Nova Scotians are encouraged to receive their full primary series of COVID-19 vaccine, and to receive their fall/winter dose to ensure maximum protection. You can book online or call 1-833-797-7772.
A primary series is an initial vaccination designed to give you protection against a disease. This is now a one dose series for people aged 5 and over, and two or three doses for people aged 6 months to 4 years, depending on the vaccine. Those who are immunocompromised require one extra dose to complete their primary series.
The fall/winter dose helps strengthen your level of protection against the current strains. It also boosts your protection, as immunity decreases over time. Public Health encourages all eligible Nova Scotians to get their fall/winter dose.
Who is eligible for a COVID-19 vaccine dose at this time?
- Primary series: Anyone 6 months of age and older who has not completed their primary series.
- Fall/winter dose: Anyone 6 months of age and older who has completed their primary series and received their last dose at least 6 months ago.
People aged 6 months and older who receive the updated mRNA XBB.1.5 vaccine for their primary series or fall/winter dose are not currently recommended to receive another dose 6 months later.
- Available Vaccines and Eligibility
- Recommended intervals between doses
- Vaccine Eligibility After COVID-19 Recovery
- Getting the COVID-19 vaccine at the same time as other vaccines
- How to access your COVID-19 vaccine proof of vaccination
- Allergies Pregnancy and breastfeeding
- Immunocompromised status
- Medical Contraindications to COVID-19 vaccination
- What to expect at your vaccine appointment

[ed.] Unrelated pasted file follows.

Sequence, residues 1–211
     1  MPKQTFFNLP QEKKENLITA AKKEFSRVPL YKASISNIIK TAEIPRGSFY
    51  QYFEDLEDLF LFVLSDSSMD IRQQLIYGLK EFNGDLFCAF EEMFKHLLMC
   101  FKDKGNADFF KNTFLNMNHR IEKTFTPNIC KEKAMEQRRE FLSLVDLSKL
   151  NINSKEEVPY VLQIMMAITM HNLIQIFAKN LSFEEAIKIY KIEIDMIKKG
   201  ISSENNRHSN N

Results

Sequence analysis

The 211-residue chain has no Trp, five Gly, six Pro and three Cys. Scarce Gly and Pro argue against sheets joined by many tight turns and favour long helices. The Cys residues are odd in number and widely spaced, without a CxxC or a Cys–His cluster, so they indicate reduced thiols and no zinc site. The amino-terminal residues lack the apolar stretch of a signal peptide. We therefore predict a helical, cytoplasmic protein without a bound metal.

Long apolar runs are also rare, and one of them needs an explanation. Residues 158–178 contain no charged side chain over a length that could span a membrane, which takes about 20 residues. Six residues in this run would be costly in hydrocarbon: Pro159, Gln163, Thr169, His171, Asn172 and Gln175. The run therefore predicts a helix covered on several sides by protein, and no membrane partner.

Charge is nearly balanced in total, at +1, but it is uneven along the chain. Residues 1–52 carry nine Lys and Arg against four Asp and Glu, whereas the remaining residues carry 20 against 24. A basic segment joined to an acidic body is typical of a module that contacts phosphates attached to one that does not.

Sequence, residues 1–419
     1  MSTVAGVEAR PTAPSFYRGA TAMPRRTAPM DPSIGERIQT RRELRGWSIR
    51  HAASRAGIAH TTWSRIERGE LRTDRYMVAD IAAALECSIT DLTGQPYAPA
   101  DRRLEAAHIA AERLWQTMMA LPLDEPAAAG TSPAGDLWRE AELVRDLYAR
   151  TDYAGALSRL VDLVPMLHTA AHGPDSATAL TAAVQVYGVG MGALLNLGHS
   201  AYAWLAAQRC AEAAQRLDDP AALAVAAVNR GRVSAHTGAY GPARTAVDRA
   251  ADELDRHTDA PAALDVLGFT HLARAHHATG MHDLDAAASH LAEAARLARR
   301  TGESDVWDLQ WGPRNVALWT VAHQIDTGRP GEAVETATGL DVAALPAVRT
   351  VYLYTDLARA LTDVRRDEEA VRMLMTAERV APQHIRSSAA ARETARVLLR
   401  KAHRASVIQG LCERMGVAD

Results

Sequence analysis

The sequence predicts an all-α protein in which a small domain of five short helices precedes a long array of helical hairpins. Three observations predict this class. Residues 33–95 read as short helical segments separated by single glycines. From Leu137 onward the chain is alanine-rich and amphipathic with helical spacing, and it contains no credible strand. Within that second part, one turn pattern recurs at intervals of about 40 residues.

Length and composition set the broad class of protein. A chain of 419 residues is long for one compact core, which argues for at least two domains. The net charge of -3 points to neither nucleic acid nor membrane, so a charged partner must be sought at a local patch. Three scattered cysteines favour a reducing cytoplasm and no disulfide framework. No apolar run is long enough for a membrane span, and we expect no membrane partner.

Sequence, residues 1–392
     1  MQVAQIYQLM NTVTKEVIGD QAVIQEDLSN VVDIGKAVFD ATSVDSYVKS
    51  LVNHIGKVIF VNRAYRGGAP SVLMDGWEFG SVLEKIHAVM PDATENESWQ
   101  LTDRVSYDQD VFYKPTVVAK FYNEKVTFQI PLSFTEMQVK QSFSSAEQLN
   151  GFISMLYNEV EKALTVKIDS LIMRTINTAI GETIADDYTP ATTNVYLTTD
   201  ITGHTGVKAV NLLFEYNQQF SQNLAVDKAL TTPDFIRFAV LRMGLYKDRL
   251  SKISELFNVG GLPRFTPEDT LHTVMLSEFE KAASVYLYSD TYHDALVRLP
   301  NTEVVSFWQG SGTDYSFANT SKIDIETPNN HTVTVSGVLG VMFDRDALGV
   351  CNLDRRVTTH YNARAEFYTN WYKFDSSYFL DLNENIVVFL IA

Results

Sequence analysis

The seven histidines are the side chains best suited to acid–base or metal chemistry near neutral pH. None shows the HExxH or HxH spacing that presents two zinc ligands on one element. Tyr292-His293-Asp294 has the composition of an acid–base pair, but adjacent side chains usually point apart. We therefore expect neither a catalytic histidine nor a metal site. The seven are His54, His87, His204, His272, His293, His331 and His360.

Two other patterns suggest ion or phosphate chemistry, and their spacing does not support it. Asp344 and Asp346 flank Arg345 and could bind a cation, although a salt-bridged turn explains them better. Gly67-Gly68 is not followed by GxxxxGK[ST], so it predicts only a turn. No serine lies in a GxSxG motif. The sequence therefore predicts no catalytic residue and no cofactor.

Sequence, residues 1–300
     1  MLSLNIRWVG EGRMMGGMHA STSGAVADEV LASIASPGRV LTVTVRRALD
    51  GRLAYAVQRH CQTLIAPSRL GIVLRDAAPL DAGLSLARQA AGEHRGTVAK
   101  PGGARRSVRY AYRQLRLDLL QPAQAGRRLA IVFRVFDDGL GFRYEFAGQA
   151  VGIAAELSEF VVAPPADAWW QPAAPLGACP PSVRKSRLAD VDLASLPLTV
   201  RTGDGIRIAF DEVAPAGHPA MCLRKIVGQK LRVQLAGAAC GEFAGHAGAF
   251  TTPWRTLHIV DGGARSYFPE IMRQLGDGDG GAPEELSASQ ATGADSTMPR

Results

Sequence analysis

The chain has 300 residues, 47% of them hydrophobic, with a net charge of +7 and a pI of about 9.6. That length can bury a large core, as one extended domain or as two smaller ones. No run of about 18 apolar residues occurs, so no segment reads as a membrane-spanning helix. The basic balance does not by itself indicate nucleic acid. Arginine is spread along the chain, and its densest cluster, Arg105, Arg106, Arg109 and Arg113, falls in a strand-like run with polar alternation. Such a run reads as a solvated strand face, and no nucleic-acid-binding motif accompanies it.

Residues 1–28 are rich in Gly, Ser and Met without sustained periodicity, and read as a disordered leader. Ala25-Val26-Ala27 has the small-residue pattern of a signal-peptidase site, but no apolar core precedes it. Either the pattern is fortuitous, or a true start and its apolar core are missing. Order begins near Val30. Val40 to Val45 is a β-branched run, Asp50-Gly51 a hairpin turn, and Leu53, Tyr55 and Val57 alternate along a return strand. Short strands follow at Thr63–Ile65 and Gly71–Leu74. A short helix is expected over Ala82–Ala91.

Available Vaccines and Eligibility
Eligibility by Age for mRNA Vaccines
Anyone aged 6 months and older can receive:
- Primary series – Moderna XBB.1.5 or Pfizer XBB.1.5
- Fall/winter dose – Moderna XBB.1.5 or Pfizer XBB.1.5
Alternative Vaccines for People 18+
People aged 18 years and older are eligible to receive a Novavax COVID-19 vaccine when they are unable or prefer not to receive an mRNA COVID-19 vaccine, and supply is available. The Novavax COVID-19 vaccine is an original vaccine, meaning it has not yet been updated this season.
- Novavax requires a two dose primary series, with 8 weeks (56 days) between doses.
- Visit this website for a list of pharmacies that can provide this vaccine.
Recommended intervals between doses
Ages 6 Months – 4 Years
Moderna– 2 dose primary series*
- Between doses 1 and 2 - 8 weeks (56 days)
Pfizer – 3 dose primary series*
- Between doses 1 and 2 – 8 weeks (56 days)
- Between doses 2 and 3 – 8 weeks (56 days)
Between primary or previous booster and fall/winter dose
- 6 months (168 days)
*Children who are moderately to severely immunocompromised will need an additional dose to complete their primary series.
- For Moderna, the time between the first and second dose is 4 weeks (28 days) and the time between the second and third dose is 8 weeks (56 days).
- For Pfizer, the time between the first and second dose, second and third dose is 4 weeks (28 days), and the time between the third and fourth doses is 8 weeks (56 days).